Hundreds of tenants and landlords came to the Capitol Thursday to voice their stance on a bill that would have expanded rent control in California.
The proposal, which would have repealed a law called Costa-Hawkins, which prohibits rent control on properties that were built after 1995, failed to pass a vote by the Assembly Housing and Community Development Committee.
Tenants' rights advocates say repealing Costa-Hawkins would help protect tenants from rapidly rising rents.
"Costa-Hawkins incentivizes landlords in rent-controlled cities to kick out affordably housed tenants so they can realize unlimited rent increases for the new tenant," said Dean Preston, with Tenants Together.
But many landlords and developers disagree. Cynthia Wray is with FPI Management, which manages 75,000 rental properties in California. She says the state needs to build more housing, and developers won't want to build if they're subject to rent control. "It will have a devastating impact in the long run and will lead to significantly higher housing costs," Wray said.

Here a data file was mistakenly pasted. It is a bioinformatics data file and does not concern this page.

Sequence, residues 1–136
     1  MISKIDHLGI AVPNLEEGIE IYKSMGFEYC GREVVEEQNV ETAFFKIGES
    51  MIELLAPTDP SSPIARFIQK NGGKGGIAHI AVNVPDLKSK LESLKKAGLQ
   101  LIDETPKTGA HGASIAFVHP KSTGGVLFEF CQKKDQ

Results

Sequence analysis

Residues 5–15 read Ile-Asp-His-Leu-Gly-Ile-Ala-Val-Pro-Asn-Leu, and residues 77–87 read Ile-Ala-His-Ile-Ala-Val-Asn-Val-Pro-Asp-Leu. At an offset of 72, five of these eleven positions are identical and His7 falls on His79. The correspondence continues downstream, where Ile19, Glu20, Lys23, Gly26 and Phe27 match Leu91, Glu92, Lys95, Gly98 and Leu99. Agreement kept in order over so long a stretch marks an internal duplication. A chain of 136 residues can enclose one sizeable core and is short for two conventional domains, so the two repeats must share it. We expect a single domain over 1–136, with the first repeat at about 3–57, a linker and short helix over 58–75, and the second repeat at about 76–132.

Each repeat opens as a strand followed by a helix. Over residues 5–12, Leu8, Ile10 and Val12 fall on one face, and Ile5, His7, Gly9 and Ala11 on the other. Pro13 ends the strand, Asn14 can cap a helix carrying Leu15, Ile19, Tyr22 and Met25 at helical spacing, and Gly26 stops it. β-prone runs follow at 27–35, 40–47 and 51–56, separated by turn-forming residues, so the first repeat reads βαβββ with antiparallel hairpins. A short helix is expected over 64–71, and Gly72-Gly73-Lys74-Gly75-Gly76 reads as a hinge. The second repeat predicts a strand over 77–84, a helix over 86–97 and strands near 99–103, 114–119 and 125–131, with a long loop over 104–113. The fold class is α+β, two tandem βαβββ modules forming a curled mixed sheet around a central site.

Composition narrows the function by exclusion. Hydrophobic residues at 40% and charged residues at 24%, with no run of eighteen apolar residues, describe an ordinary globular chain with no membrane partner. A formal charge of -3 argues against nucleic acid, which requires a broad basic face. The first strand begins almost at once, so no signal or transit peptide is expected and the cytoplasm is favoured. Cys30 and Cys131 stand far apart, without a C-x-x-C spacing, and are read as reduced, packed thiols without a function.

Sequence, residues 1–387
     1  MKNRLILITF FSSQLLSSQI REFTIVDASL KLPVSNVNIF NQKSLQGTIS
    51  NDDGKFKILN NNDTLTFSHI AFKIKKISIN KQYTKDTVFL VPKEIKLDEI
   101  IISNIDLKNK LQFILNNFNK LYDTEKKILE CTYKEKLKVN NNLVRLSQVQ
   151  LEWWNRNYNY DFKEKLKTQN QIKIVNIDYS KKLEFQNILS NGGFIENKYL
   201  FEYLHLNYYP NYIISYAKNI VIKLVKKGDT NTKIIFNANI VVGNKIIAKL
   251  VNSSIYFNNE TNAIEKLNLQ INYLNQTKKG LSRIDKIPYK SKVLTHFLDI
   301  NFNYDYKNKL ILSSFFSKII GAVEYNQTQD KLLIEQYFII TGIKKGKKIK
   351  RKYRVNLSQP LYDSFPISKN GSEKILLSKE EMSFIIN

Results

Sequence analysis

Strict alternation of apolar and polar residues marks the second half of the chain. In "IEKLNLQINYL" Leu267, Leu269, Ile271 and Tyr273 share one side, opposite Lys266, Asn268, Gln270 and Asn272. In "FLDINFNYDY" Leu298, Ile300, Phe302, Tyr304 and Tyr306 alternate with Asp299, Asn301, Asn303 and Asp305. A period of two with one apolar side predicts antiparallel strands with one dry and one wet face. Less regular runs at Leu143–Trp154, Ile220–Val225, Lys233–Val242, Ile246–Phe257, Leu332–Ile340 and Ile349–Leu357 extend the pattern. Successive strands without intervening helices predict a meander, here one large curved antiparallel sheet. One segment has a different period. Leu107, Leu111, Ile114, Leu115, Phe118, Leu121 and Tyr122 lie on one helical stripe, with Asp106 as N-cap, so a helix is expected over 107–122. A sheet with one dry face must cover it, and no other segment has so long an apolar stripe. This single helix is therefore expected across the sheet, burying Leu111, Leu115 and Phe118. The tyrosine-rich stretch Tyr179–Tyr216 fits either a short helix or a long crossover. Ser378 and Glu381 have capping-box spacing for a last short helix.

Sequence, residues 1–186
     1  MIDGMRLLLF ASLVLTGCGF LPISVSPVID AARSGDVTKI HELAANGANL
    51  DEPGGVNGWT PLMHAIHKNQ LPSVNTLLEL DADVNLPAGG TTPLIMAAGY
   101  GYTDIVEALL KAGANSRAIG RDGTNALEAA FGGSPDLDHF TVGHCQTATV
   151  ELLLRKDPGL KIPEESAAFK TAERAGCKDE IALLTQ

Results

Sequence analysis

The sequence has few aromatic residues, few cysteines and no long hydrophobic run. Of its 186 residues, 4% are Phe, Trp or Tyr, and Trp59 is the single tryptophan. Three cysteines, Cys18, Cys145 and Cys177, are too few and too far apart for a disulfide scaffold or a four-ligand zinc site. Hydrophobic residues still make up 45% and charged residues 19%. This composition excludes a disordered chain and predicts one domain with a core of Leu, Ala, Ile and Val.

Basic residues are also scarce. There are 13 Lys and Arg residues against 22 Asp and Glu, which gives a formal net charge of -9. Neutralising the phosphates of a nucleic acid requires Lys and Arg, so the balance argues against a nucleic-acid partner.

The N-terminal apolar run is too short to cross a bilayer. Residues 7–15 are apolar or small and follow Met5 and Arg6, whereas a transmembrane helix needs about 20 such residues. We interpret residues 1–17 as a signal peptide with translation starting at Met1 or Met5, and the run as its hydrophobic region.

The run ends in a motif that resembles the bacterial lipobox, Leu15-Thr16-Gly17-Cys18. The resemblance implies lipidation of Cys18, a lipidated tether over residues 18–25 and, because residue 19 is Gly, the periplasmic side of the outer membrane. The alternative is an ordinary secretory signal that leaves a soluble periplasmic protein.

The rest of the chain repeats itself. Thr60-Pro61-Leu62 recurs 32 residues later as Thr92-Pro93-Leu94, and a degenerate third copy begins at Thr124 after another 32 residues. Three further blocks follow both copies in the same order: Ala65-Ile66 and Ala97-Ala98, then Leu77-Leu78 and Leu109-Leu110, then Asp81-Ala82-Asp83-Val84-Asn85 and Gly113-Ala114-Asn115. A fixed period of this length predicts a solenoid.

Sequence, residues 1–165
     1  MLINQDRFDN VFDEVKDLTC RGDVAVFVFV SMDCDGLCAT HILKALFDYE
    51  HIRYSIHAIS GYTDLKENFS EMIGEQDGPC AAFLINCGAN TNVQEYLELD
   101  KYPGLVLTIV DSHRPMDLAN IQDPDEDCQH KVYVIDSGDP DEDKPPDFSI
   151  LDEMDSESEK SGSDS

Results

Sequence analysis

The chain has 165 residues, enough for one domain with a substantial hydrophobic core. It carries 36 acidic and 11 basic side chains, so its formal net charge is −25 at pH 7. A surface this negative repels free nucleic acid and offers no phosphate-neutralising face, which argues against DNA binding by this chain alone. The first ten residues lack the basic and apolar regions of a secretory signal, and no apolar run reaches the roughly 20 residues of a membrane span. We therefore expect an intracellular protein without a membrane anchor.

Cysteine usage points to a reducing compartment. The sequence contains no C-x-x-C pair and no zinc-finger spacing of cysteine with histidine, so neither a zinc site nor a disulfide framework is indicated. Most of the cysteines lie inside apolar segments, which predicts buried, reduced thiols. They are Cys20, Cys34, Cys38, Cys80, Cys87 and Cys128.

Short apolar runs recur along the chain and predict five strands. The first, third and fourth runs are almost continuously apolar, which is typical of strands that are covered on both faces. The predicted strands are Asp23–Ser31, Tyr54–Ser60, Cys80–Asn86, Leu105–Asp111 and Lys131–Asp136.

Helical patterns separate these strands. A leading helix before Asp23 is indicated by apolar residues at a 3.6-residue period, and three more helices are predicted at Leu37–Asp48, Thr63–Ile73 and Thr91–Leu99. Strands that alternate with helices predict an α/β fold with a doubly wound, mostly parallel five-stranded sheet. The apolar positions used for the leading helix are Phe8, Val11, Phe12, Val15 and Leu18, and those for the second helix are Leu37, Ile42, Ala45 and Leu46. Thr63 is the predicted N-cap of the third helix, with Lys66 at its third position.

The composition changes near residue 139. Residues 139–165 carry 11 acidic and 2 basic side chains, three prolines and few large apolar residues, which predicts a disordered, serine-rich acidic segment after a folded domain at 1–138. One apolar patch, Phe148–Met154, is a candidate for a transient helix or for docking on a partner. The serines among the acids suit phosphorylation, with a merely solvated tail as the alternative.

But tenant advocate Chanee Franklin Minor says expanding rent control would actually help address the housing crisis.
"We need to maintain the stability for the people that are already housed," Franklin Minor said. "Because if we don't, we're just going to have a circular, continuous problem."
The proposal fell one vote shy of passing.
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